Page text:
Kelly Dent: “Climate change is impacting on hunger and food production, so we’re here at the start of the climate talks in Warsaw to call on governments to urgently take action on climate change. We want to see emissions reduced, and we want to see money for poor people in developing countries to be able to adapt and cope with the impacts of climate change that they’re feeling right now.”
Tune in next week when Democracy Now! broadcasts live from the U.N. climate summit.
At least five people have been killed in two reported U.S. drone strikes in Yemen. The victims were described as suspected al-Qaeda militants in the southern province of Abyan.
In Pakistan, hundreds of people rallied in multiple cities on Friday to protest the U.S. drone war. Demonstrators in the city of Peshawar staged a massive sit-in, blocking a NATO supply line. The action followed the strike that killed the head of the Pakistani Taliban, Hakimullah Mehsud, earlier this month, jeopardizing peace talks with the Pakistani government. In an interview, Pakistani opposition leader Imran Khan accused the United States of undermining a chance for peace.
Imram Khan: “If there was a chance of peace talks, we should have grabbed it. And I’m afraid — while the interior minister did his best, I’m afraid I’m really disappointed in the way the prime minister has taken this whole peace process, because this was the — this should have been his number one priority. I think that the Americans basically could have taken out Hakimullah whenever they wanted. I think that the timing was to sabotage the peace process.”
Clashes have erupted in Saudi Arabia amidst a crackdown on foreign workers. The Saudi government began arresting thousands of people last week after an amnesty period for workers without visas expired. At least two people were killed and dozens were injured after police confronted workers on Saturday.
In Qatar, a U.N. expert is calling for reforms in the labor conditions of foreign workers. François Crépeau, the U.N. special rapporteur on human rights of migrants, said guest workers in Qatar are being housed in squalor.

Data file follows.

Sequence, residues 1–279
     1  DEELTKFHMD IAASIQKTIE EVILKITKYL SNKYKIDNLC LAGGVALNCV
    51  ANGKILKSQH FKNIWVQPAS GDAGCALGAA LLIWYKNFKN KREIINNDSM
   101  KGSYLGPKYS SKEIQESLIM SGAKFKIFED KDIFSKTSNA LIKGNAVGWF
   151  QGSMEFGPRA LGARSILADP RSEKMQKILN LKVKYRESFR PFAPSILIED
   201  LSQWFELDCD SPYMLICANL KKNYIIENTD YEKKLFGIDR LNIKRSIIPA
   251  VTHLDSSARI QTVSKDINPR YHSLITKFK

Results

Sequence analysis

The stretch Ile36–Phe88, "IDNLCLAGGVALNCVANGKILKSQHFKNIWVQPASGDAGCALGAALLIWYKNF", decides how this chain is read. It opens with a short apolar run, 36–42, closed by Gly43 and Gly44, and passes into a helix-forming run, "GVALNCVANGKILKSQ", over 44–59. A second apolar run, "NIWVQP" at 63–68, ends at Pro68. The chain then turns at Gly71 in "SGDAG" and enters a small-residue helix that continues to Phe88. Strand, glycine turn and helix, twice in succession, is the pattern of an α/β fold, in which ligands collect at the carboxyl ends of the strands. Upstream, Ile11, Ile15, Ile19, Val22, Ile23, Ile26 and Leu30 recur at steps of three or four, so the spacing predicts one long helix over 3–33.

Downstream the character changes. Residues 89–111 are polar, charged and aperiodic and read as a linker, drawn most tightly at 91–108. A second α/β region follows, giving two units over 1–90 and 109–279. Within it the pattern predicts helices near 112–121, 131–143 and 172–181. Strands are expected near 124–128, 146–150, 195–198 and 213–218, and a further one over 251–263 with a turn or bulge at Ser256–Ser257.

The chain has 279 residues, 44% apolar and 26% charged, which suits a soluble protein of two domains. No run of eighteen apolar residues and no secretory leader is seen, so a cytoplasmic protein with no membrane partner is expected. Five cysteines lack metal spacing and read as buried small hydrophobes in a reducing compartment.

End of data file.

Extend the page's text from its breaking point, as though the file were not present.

François Crépeau: “I have seen dwellings by migrant workers, and these are slums. And I think this is a stain in the reputation of Qatar, which is the richest country per capita. I think Qatar should not tolerate slums to be created on its territory. And there are means of making this better, probably relatively quickly.”
Qatar has the world’s highest proportion of migrant workers, with 90 percent of the workforce coming from outside of the country. The country is hosting soccer’s World Cup in 2022.
Thousands of people rallied in Greece on Sunday following a police raid on the state’s broadcaster. Employees of ERT had remained in their offices since June when the station was abruptly shut down, part of a series of cost-cutting moves demanded by international creditors. But the ERT workers were finally evicted last week when riot police broke into the network and cleared it room by room. On Sunday, Greece’s ruling party survived a censure vote over the raid brought by the opposition.
Two people were killed and at least 22 others were wounded in Houston, Texas, on Saturday when gunfire broke out at a house party. Around 100 people were inside the home when the shooting began. A police spokesperson briefed reporters on the victims.
Thomas Gilliland: “What I can tell you right now is we have two confirmed killed. One was confirmed at the hospital; one was confirmed here at the scene. We have a third gunshot victim at Memorial Hermann Medical Center that is undergoing surgery. I don’t have the status on that victim yet. We have an additional 15 other victims bearing degrees of non-life-threatening gunshot wounds, from grazings to bullet wounds in the legs, ankles, that sort of stuff.”